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Sanctions pénales nationales et droit international

Abstract : The substantial development of cases of international criminality and breaches of fundamental rights has resulted in an increased intrusion of international law into national criminal justice systems. In direct contradiction with the principle of penal sovereignty, international law now imposes major restrictions on countries in this area. Whenever international law prohibits a criminal activity in order to repress it, it requires countries to incriminate the offence, to establish their criminal competence, to institute proceedings and to cooperate and, if all else fails, to punish. However, the purpose of international law is not to directly impose criminal penalties or to substitute itself for a country's national authorities. In criminal matters, the purpose of international law is to establish rules, which the country must then comply with. Even if the principle of national sovereignty is restricted, States'intervention remaines privileged.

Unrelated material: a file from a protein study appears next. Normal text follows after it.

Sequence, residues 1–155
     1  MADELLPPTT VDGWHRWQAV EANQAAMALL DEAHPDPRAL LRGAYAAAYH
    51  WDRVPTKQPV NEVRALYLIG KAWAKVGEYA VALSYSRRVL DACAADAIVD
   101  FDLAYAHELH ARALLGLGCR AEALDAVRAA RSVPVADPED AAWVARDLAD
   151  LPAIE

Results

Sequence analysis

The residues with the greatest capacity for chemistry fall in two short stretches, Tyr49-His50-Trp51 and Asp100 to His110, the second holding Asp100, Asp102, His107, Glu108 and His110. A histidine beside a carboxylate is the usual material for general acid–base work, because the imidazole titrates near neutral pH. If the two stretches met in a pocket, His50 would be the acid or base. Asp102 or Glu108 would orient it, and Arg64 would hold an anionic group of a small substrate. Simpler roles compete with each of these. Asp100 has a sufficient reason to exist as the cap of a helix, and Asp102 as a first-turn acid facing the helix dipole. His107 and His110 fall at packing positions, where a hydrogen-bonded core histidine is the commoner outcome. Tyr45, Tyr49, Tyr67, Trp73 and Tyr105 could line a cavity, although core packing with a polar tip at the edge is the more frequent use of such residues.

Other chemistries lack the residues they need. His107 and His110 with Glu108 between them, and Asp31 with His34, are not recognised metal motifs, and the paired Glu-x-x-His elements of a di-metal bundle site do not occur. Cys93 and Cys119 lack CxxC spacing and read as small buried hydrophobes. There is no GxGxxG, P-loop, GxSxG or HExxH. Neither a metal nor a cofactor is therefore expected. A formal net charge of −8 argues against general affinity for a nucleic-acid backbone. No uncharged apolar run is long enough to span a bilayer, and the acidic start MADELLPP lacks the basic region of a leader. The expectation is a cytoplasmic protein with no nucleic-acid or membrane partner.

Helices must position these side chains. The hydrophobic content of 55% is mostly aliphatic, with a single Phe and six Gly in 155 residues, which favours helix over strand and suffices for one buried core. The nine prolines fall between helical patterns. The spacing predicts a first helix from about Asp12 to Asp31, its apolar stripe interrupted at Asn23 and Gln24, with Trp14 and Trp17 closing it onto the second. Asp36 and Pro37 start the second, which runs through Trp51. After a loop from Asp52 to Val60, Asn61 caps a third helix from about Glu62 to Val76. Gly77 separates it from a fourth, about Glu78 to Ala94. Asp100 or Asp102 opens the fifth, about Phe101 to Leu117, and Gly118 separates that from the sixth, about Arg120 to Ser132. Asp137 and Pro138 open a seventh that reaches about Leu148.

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Contributor : Bertrand Bauchot <>
Submitted on : Thursday, December 20, 2007 - 11:04:17 AM
Last modification on : Thursday, February 21, 2019 - 9:56:03 AM
Long-term archiving on: : Monday, April 12, 2010 - 8:37:11 AM


  • HAL Id : tel-00200035, version 1



Bertrand Bauchot. Sanctions pénales nationales et droit international. Droit. Université du Droit et de la Santé - Lille II, 2007. Français. ⟨tel-00200035⟩



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